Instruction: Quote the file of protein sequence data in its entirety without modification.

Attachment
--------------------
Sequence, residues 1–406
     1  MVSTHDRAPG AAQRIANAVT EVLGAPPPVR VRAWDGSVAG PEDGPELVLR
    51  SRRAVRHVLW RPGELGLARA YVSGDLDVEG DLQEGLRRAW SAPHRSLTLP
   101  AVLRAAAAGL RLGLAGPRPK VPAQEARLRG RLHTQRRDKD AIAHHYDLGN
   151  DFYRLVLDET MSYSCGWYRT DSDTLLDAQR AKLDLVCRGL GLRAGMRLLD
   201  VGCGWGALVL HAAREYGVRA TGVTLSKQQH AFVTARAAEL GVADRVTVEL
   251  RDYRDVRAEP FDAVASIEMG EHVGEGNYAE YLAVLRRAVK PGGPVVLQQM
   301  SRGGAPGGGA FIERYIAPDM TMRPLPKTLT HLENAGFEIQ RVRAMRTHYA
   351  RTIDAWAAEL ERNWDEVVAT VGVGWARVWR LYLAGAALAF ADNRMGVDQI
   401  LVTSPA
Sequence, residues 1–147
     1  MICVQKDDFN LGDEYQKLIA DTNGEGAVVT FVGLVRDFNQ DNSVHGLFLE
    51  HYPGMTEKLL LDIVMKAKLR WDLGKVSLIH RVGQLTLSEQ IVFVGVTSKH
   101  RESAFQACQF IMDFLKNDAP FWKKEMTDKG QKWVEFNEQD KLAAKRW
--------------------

Sequence, residues 1–406
     1  MVSTHDRAPG AAQRIANAVT EVLGAPPPVR VRAWDGSVAG PEDGPELVLR
    51  SRRAVRHVLW RPGELGLARA YVSGDLDVEG DLQEGLRRAW SAPHRSLTLP
   101  AVLRAAAAGL RLGLAGPRPK VPAQEARLRG RLHTQRRDKD AIAHHYDLGN
   151  DFYRLVLDET MSYSCGWYRT DSDTLLDAQR AKLDLVCRGL GLRAGMRLLD
   201  VGCGWGALVL HAAREYGVRA TGVTLSKQQH AFVTARAAEL GVADRVTVEL
   251  RDYRDVRAEP FDAVASIEMG EHVGEGNYAE YLAVLRRAVK PGGPVVLQQM
   301  SRGGAPGGGA FIERYIAPDM TMRPLPKTLT HLENAGFEIQ RVRAMRTHYA
   351  RTIDAWAAEL ERNWDEVVAT VGVGWARVWR LYLAGAALAF ADNRMGVDQI
   401  LVTSPA
Sequence, residues 1–147
     1  MICVQKDDFN LGDEYQKLIA DTNGEGAVVT FVGLVRDFNQ DNSVHGLFLE
    51  HYPGMTEKLL LDIVMKAKLR WDLGKVSLIH RVGQLTLSEQ IVFVGVTSKH
   101  RESAFQACQF IMDFLKNDAP FWKKEMTDKG QKWVEFNEQD KLAAKRW